In the following essay, the original version of which was published in the spring 1985 issue of the Centennial Review, Spillers discusses feminist elements in Brooks’s work, maintaining that the worlds Brooks represents always include men.
The adopted procedure for this essay is neither fish nor fowl and, as such, breathes in the impure air of literary interpretation, verging on social theory. It assumes for the moment a sort of critically illegitimate stance—the literary text does point outside itself—in the primary interest of leading the reader back inside the universe of the apparently self-contained artifact. With some luck, we hope to negotiate between two different kinds of related critical inquiry: What does the writer teach us, or illuminate in us, concerning situations for which we need a name,1 in this case, the “feminine,” whose very conjuring broaches more confusion than we can comfortably settle in the course of a workday? What does the writer take with her from “experience” to the transmuting work itself?
The stage of interaction...
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SOURCE: Perkins, Annie. "The Poetry of Gwendolyn Brooks (1970s-1980s)." In Women Making Art: Women in the Visual, Literary, and Performing Arts since 1960, edited by Deborah Johnson and Wendy Oliver, pp. 43-63. New York: Peter Lang Publishing, 2001.
In the following essay, Perkins offers an in-depth analysis of Brooks's life and works.
Gwendolyn Brooks (b. 1917) was born in Topeka, Kansas, and was reared in Chicago, her lifelong home. With the support and nurture of her parents, Brooks began writing poetry at age seven. She was first published at age thirteen, and by the time of her graduation from Englewood High School, had published seventy-five poems in the Chicago Defender.
In 1936, Brooks graduated from Wilson Junior College. In 1939, she married and settled happily into domesticity with her husband, Henry Lowington Blakely II, and later Henry III, their baby son. During this period, Brooks continued to write, first winning the 1943 Midwestern Writers' Conference Award and then publishing her first volume, A Street in Bronzeville (1945). Her second volume, Annie Allen (1949), earned the 1950 Pulitzer Prize for Poetry, the first to be awarded to a Black writer. A year later, Brooks's daughter, Nora, was born.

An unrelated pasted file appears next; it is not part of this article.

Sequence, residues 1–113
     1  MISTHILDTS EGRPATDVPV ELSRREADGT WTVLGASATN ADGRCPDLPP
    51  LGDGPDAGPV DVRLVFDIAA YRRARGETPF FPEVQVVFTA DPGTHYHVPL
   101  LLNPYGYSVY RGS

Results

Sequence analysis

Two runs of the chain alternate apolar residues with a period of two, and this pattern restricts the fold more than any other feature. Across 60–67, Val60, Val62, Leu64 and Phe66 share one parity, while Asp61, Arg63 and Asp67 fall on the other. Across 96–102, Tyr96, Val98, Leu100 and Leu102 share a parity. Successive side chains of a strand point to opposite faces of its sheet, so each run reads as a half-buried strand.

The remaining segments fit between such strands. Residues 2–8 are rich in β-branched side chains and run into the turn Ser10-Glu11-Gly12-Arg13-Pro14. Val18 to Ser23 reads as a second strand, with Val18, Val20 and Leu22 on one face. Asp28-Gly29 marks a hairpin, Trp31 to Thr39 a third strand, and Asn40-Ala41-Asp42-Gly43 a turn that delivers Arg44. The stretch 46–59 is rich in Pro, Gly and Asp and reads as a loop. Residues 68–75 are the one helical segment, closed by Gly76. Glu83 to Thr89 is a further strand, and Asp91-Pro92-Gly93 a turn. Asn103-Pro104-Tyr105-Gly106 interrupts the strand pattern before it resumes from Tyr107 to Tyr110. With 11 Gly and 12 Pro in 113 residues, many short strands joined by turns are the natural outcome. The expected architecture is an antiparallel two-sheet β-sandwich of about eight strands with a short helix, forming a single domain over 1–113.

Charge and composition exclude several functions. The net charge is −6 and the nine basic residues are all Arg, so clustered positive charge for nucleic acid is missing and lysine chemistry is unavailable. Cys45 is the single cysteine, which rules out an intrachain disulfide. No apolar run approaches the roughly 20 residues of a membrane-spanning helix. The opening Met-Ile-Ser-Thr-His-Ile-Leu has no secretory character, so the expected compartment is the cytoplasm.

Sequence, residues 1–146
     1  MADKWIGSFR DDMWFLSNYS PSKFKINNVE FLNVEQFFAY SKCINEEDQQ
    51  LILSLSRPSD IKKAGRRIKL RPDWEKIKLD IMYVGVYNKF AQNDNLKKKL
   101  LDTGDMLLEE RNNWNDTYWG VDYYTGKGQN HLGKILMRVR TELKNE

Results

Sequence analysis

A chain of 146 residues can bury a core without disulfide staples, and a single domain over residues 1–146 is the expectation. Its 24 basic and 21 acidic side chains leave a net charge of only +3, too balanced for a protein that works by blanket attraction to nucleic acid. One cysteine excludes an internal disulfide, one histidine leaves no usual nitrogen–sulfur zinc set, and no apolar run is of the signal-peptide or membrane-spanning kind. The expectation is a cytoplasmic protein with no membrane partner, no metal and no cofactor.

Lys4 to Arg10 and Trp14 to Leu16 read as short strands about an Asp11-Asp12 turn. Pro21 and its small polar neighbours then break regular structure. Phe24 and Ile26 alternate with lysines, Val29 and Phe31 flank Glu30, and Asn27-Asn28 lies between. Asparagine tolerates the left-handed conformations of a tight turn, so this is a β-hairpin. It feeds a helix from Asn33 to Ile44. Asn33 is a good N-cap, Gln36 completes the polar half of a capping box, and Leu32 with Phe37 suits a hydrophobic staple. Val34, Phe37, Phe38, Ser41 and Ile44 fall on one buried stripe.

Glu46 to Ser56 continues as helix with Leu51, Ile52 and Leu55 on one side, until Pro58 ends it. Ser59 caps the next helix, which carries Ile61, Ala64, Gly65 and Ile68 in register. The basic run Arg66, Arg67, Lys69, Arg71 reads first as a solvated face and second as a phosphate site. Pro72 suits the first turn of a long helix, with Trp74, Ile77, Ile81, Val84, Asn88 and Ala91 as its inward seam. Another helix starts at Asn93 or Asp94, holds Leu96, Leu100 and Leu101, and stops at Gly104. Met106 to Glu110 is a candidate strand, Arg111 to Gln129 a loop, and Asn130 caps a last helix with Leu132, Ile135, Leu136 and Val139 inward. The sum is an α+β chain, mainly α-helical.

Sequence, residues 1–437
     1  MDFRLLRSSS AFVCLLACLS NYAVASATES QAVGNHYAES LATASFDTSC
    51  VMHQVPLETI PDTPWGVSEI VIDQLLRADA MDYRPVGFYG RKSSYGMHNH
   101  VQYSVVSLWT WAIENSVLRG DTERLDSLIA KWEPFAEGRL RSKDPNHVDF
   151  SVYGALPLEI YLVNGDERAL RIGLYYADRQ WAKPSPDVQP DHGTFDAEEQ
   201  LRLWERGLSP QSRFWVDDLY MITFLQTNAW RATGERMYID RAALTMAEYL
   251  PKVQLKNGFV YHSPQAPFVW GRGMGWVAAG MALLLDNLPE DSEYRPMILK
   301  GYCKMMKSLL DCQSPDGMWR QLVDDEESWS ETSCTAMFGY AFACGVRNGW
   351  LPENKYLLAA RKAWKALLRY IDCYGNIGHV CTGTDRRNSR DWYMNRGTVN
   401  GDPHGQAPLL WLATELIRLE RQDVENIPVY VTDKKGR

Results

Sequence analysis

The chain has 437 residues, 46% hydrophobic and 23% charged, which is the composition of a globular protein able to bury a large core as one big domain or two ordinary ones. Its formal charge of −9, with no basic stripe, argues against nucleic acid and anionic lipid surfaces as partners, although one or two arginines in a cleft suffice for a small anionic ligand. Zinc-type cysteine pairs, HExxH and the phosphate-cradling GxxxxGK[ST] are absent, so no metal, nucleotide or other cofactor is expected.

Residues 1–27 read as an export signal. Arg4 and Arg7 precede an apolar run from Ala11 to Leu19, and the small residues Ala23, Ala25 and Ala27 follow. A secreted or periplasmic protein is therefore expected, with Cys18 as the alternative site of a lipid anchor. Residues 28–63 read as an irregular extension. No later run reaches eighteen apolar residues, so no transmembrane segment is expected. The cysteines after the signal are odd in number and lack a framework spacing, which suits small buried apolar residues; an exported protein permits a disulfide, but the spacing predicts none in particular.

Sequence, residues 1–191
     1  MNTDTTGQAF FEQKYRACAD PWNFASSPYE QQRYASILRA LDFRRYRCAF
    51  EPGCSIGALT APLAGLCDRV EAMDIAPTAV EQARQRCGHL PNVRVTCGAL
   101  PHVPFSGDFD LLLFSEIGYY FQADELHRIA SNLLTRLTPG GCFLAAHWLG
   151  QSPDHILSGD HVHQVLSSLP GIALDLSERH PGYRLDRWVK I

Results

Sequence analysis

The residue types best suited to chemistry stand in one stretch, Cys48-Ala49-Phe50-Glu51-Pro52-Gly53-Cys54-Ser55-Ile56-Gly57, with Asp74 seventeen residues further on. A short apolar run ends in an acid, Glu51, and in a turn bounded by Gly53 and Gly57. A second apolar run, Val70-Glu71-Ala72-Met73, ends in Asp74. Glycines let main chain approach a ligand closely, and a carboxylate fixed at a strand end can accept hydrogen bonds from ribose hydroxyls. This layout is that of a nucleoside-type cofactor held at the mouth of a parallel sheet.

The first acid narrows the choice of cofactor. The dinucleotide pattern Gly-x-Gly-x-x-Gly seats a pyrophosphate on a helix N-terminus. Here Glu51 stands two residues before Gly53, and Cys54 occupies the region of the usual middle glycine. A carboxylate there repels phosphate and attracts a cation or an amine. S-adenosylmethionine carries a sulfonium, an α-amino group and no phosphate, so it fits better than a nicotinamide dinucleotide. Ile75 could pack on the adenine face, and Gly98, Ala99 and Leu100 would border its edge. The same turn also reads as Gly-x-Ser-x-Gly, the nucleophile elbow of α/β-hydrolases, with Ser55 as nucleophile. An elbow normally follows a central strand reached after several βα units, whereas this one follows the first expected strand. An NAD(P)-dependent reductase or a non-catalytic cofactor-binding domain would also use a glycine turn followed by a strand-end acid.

Balancing home, family, and writing, Brooks published...
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HARRY B. SHAW (ESSAY DATE 1987)
SOURCE: Shaw, Harry B. "Maud Martha: The War with Beauty." In A Life Distilled: Gwendolyn Brooks, Her Poetry and Fiction, edited by Maria K. Mootry and Gary Smith, pp. 254-70. Urbana: University of Illinois Press, 1987.
In the following essay, Shaw discusses Brooks's treatment of conventional American standards of female beauty in her novel.
Arthur P. Davis's article of December 1962, "The Black-and-Tan Motif in the Poetry of Gwendolyn Brooks," even after twenty years provides a fitting springboard for a discussion of the same motif in Brooks's novel, Maud Martha.>1> Davis explores the social theory that among black people the inside color line had tended "to create a problem within the group similar to that between colored and white in America.">2> He points out that this color difference within the group caused special problems for the dark girl, who during the early decades of the century was often the object of ridicule among black men.
Davis's social theory is that "as cruel as it was, the whole attitude of ridicule is a natural reaction to the premium which America by law and custom and by its uncivilized institution of segregation had placed on color.">3> To paraphrase and extend Davis's remarks and expand on the...
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Gerry, Thomas M. F. Contemporary Canadian and U.S. Women of Letters: An Annotated Bibliography. New York: Garland, 1993, 287 p.
Bibliographies of various North American women writers.
Loff, Jon N. "Gwendolyn Brooks: A Bibliography." CLA Journal 17, no. 1 (September 1973): 21-32.
Record of Brooks's published works and a listing of reviews and essays on her writings.
Kent, George E. A Life of Gwendolyn Brooks. Lexington: University Press of Kentucky, 1990, 287 p.
Biography of Brooks, compiled with her full cooperation, by a long-time admirer of her work.
Melham, D. H. Gwendolyn Brooks: Poetry and the Heroic Voice. Lexington: University Press of Kentucky, 1987, 270 p.
Biography, analysis and bibliographical materials.
Shaw, Harry B. Gwendolyn Brooks. Boston: Twayne, 1980, 200 p.
Comprehensive coverage of Brooks's life with critical essays on her major publications.
Burr, Zofia. "Reading Gwendolyn...